Wednesday, October 21, 2015

Using PLINK and Batch Files to Control a Smart TV

Editors Note
What do you know - some new content already.  I think I've pulled all I'm going to pull out of the old archive.  There is so much there that holds little relevance for today it just doesn't make sense.  Going forward, new posts will appear as time and opportunity permit.

I had a customer requirement recently to control a 80" television from a small computer plugged into the HDMI port.  The little computer has one solitary USB port, and the television a single TCPIP port.  With a USB to TCP dongle, I was able to connect the computer to the network port for the television. 

The TV in this case is a SHARP AQUOS... a really nice TV if you have $1400 and want a picture the size of a large window. Communicating with it proved to be a challenge but with enough research and trial and error, I figured out what to do (many thanks to the internet and Google Search). 

First, it calls for Putty, the open source telnet client, rather than the basic Windows telnet client.  The former provides the ability to specify "raw" as the protocol, which is essential.  Secondly, I used plink instead of putty, the command line version by the same developer.  From there, I wrote two files for each command: a cmd line command structure, and a command file to send to the TV. 


plink -P 10002 -raw < plinkTVON.txt 

This command connects to the IP address assigned by the TV for its port.  We use what is called a cross over or null cable - a specially wired network cable, to make the connection without a server between the TV and the computer.  The TV listens for commands on a configurable port number and defaults to 10002.  Using < plinkTVON.txt allows us to pass the content of the text file with the connection.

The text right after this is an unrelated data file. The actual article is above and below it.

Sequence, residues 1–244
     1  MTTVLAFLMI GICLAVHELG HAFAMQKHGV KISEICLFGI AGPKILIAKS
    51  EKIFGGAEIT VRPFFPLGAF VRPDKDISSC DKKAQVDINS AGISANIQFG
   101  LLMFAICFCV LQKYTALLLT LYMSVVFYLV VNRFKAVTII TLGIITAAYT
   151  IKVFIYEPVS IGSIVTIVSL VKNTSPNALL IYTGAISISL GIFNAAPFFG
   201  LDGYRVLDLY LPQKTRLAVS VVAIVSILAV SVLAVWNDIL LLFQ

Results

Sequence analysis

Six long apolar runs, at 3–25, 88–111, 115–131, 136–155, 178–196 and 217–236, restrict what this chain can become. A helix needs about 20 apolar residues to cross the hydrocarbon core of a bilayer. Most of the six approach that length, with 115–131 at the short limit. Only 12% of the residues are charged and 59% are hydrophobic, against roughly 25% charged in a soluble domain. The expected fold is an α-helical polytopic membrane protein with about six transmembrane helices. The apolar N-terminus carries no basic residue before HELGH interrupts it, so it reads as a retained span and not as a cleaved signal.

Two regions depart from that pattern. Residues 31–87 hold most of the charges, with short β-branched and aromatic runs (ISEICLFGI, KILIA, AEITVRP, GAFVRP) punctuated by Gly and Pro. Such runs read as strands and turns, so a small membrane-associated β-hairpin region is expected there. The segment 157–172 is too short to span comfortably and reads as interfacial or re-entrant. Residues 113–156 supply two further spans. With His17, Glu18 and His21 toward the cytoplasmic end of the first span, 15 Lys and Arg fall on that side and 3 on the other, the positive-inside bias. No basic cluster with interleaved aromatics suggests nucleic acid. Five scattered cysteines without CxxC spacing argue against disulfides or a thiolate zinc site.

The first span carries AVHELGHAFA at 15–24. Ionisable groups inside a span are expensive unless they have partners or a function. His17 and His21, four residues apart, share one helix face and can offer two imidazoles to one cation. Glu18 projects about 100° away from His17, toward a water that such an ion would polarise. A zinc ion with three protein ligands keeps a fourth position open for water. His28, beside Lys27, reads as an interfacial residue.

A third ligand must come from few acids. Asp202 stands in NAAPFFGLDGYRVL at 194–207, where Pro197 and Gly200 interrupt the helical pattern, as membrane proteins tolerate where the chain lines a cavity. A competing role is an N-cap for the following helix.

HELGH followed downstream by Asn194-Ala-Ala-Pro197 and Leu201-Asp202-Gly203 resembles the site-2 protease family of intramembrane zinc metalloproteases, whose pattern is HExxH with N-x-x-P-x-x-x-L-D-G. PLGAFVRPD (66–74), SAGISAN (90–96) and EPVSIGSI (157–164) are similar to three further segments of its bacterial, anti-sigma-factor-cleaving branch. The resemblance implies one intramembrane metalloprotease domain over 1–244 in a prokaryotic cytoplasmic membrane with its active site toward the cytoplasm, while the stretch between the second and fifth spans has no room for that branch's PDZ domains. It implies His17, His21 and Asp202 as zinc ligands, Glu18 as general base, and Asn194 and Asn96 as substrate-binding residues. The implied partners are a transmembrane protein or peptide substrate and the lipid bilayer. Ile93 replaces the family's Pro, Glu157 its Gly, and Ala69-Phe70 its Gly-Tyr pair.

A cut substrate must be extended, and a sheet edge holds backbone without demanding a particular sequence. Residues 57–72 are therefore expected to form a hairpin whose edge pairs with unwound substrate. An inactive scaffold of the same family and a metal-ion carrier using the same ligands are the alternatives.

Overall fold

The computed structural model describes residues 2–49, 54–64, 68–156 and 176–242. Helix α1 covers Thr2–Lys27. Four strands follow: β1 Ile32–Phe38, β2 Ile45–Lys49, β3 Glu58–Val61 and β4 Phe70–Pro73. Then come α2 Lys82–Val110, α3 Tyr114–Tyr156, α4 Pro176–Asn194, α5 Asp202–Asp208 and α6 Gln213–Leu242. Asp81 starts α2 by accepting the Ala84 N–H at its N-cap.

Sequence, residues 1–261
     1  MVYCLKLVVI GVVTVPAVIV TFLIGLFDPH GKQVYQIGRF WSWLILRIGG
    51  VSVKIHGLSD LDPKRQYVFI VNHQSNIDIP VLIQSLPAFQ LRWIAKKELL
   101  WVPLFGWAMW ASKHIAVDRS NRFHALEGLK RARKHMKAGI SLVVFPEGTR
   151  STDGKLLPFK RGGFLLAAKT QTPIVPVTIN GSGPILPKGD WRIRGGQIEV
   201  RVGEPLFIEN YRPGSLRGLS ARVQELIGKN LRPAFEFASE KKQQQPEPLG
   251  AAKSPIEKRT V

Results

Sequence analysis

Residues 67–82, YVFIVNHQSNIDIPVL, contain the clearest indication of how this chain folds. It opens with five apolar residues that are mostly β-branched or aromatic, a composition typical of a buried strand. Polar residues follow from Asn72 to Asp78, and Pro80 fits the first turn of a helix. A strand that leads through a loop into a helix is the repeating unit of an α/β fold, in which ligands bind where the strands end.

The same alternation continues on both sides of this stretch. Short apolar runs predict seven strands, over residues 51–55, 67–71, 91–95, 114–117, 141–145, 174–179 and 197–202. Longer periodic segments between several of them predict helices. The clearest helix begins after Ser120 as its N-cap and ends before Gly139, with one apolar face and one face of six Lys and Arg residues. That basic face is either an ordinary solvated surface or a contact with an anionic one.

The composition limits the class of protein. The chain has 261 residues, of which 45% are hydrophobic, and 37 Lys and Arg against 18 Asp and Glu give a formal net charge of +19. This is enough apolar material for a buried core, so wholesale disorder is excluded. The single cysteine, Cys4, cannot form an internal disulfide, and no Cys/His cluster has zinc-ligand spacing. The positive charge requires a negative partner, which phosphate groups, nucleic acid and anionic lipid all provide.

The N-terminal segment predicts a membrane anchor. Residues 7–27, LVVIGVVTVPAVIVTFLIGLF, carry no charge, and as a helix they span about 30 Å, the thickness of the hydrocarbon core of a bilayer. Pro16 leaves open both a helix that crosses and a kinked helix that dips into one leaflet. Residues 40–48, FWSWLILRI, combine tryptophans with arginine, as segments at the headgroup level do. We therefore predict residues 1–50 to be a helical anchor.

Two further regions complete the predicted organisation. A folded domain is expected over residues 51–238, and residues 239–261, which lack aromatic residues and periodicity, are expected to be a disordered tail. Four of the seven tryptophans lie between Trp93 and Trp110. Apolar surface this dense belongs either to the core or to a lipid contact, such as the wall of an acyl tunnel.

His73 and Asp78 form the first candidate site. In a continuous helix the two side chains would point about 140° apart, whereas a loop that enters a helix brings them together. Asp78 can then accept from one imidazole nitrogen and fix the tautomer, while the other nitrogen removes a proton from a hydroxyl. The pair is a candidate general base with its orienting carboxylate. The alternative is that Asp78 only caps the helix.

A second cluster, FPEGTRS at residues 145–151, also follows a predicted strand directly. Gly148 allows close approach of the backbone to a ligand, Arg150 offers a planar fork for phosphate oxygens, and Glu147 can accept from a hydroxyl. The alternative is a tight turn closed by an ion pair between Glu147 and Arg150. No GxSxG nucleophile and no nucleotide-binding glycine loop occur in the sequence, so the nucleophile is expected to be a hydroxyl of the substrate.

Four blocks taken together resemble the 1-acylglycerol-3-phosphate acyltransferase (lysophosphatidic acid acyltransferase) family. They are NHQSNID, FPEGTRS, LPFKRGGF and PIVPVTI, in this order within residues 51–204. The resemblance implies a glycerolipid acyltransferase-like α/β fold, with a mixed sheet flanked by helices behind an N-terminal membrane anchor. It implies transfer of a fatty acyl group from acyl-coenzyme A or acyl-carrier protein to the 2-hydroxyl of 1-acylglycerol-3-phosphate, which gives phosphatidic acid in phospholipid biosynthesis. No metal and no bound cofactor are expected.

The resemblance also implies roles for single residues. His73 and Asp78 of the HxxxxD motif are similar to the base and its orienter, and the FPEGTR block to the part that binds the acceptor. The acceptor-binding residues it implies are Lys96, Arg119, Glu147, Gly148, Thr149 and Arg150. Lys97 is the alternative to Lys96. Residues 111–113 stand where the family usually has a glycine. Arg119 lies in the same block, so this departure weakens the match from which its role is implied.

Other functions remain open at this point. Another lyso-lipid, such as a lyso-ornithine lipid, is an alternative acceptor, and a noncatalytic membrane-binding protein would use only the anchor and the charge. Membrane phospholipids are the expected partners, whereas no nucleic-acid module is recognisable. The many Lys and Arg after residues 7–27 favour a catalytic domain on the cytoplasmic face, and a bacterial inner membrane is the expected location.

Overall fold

The SHARP televisions take 8 bit commands with a return code at the end.  The text file allows me to put a carriage return where I show the {crlf} above and so "executes" the command on the television.  Underscores are spaces. 

Now, one thing that puzzled me, I couldn't actually turn on the TV once I sent a POWR0___ command.  As it turns out, you have to send RSPW1___ to tell the TV to remain in a standby state capable of accepting the POWR1____ command.  The documentation does not make this clear and it was by the grace of God and a really random internet posting that I learned about that little bit of undocumented goodness.   

Now, we can schedule the television to turn on and off to save power when it's not being used to show videos and slide shows at the customers place of business.  This makes digital signs and internal communications a lot more configurable and powerful.  There is more to the overall solution that I may have time to discuss later, but this was the difficult part I thought worth sharing. 

1 comment:

  1. Panasonic also offers control over IP, with much more security. A similar approach is possible but requires a custom scriptlet to handle some MD5 hashing to issue commands.